Rock bottom interest rates: a blessing or a curse?

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September 10th, 2014

The latest decisions taken by the European Central Bank have placed all the main advanced economies in a situation of extremely low nominal interest rates. This phenomenon has not only influenced monetary interest rates of under one year but has also affected the whole interest rate curve, to such an extent that yields for high quality 10-year government bonds are now between 1% and 2.5%, indicating that investors are expecting money market interest rates to remain low for quite some time.

If we deduct inflation expectations for the corresponding period from these nominal rates we get the real interest rate. Although inflation expectations are minimal, the low level of nominal interest rates means that real rates are in negative terrain, especially for the shorter terms.

This Monthly Report's Dossier examines the main reasons as to why this situation has occurred as well as what it means for some of the key asset markets. Such debate is of huge importance since, without a good diagnosis, it is very difficult or even impossible for the right economic policies to be implemented.

There are essentially two opposing views in the controversy regarding the causes. The first, proposed by Keynesian economists, argues that excessive global savings have led to a situation where the equilibrium in western economies (seen as the existence of enough demand to achieve full employment) is only possible if real interest rates are negative. As this equilibrium is not easy to achieve by monetary policy alone (nominal interest rates do not go below zero and it is both complicated and dangerous to generate higher inflation expectations), these economists argue that the solution is through fiscal policy. They also claim that a low interest rate environment makes it easier to finance the resulting deficit which, on the other hand and in their opinion, would not be very large as the expansion achieved by the economy would also result in more revenues.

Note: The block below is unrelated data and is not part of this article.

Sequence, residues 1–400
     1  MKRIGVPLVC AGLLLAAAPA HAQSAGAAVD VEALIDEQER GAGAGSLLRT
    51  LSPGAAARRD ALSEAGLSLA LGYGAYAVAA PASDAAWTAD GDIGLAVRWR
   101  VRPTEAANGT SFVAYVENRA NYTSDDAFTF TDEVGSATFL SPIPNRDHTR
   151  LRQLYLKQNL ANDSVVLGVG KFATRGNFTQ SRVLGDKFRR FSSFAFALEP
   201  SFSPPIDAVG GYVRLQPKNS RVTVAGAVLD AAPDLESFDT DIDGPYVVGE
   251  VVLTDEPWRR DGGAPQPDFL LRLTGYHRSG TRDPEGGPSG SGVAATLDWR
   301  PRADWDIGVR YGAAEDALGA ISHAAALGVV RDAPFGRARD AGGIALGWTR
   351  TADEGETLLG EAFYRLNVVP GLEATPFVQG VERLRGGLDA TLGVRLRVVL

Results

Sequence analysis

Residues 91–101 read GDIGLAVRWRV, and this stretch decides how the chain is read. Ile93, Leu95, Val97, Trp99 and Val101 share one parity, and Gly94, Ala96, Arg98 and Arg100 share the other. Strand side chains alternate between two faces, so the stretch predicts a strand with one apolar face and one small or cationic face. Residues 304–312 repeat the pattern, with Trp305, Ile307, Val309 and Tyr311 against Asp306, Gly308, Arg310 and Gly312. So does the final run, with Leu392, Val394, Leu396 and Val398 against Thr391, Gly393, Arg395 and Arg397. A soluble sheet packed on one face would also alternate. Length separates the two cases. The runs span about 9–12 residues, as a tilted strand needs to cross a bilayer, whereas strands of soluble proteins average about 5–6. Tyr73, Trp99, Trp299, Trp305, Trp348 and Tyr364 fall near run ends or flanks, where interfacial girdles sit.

The alternative view is provided by so-called neo-classical economists. They believe that such extremely low interest rates, with which conventional monetary policy has used up all its room to manoeuvre, are the result of many years, at least two decades, of excessively accommodative monetary policy that has encouraged economic growth above the true potential of economies, as well as resulting in worrying levels of debt. According to this analysis, improvements in the population's living standards have been based on growing debt and not on the generation of more production and wealth. On the one hand, such policies have led to recurring speculative bubbles and financial crises, the last with a huge impact on the real economy. And, on the other hand, they have led monetary policy into a dead end, forcing it to enter the uncertain terrain of unorthodox monetary policy with central banks directly purchasing public debt, something that would have been intolerable a few years ago.

This second view warns of the effect of demand-based economic policies which, it believes, lie at the root of the problem. From this perspective, the political system of modern democracies is incapable of withstanding the long period of low growth and deleveraging required by the current situation and the injection of further stimuli, or the continuation of existing ones, would sow the seed for future episodes of serious economic and financial instability. In short, exceptionally low interest rates propose a huge dilemma for economic policy. They are both a blessing and a curse.

Jordi Gual

Chief Economist

31 August 2014